The legislative article vests the legislative power, other than the initiative and referendum processes, in a bicameral body. The number of senators may not be less than twenty-five nor more than thirty-five; the house of representatives must have between fifty and seventy-five members. Since 1970, the Senate has had thirty-five members and the house seventy members The state is divided into thirty-five legislative districts, each electing two representatives and one senator.
Sessions are held annually. In odd-numbered years, the legislature meets for forty days and in even-numbered years for thirty-five. All sessions commence on the second Tuesday in January.
The Governor is empowered to call special sessions of the legislature for specific purposes. There have been eighteen such sessions since statehood. A 1990 constitutional amendment allows for a special session when two-thirds of the members of each house petition for a special session for a specific purpose.
Legislators must be qualified voters in their legislative districts, at least twenty-one years old, citizens, and residents of the state for two years immediately preceding election Terms are for two years. A 1992 constitutional amendment limits members to four consecutive terms in each house.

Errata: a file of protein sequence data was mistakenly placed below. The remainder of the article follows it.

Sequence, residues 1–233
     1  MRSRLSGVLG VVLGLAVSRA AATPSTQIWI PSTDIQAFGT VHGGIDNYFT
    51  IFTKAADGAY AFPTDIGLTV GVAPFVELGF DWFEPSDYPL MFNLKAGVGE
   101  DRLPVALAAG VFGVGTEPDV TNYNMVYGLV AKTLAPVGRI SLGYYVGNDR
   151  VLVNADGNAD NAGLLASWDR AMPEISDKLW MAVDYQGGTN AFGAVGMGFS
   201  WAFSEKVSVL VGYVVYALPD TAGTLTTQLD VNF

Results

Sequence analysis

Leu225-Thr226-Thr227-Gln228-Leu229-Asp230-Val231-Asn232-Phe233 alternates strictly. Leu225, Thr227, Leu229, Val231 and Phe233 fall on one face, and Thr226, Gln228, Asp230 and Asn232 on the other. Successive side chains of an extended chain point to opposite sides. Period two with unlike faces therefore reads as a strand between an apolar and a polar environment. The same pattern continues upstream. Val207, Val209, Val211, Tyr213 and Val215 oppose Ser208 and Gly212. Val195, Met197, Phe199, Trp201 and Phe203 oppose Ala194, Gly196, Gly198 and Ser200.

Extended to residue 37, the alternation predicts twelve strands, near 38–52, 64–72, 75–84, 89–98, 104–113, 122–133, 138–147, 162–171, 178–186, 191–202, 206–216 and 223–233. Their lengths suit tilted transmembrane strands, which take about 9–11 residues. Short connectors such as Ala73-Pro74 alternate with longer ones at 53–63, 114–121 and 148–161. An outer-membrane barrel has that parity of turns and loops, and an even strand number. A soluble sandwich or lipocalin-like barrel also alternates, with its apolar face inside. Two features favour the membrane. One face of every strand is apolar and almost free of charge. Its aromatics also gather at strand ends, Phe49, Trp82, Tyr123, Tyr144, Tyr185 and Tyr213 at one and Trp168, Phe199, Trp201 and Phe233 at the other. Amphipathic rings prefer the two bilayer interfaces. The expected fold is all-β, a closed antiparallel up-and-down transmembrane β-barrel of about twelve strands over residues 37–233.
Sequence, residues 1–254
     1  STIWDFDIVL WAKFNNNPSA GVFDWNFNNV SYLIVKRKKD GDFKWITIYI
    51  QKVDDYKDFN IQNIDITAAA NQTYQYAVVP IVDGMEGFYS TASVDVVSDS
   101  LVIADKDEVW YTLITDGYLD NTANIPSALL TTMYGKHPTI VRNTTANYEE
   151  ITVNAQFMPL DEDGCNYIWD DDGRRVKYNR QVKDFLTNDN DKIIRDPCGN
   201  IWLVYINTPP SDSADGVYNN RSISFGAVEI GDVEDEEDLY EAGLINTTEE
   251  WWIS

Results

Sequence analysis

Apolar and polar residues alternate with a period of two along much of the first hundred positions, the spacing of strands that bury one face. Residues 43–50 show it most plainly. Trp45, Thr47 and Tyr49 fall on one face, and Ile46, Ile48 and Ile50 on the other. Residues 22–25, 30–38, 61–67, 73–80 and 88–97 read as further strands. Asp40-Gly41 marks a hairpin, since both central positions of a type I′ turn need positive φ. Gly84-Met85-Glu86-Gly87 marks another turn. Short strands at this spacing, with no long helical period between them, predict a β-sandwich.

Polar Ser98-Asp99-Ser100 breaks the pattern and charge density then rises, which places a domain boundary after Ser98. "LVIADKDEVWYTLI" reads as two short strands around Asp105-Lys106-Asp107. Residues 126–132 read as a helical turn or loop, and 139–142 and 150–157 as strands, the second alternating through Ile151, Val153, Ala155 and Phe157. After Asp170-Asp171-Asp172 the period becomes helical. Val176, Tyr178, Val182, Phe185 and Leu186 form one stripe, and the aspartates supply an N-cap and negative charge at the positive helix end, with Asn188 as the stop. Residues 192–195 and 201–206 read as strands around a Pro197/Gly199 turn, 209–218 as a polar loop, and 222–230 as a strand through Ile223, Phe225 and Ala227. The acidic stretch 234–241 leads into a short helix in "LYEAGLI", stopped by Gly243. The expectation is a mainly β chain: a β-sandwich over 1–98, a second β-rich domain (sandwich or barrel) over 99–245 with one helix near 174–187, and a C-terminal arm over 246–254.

In 1951, the South Dakota Legislature established the Legislative Research Council to provide full-time staff support to the legislature.
In 1898, South Dakota became the first state to authorize the initiative and referendum procedures for ordinary legislation. The initiative process was extended to include constitutional amendments in 1972. Prior to that time all constitutional amendments originated with the legislature and were submitted to popular vote. Initiated measures permit the voters to add to, amend or repeal existing laws; the referred law process allows the voters to approve or reject measures passed by the legislature. However, the referendum does not apply to laws which are "necessary to the immediate preservation of the public peace, health or safety" or which are necessary for the support of state government and its existing institutions.
Petitions to initiate or refer legislation require signatures equal to five percent of the votes cast for Governor in the last general election. Petitions to initiate a constitutional amendment require signatures equal to ten percent of the votes for Governor in the last general election.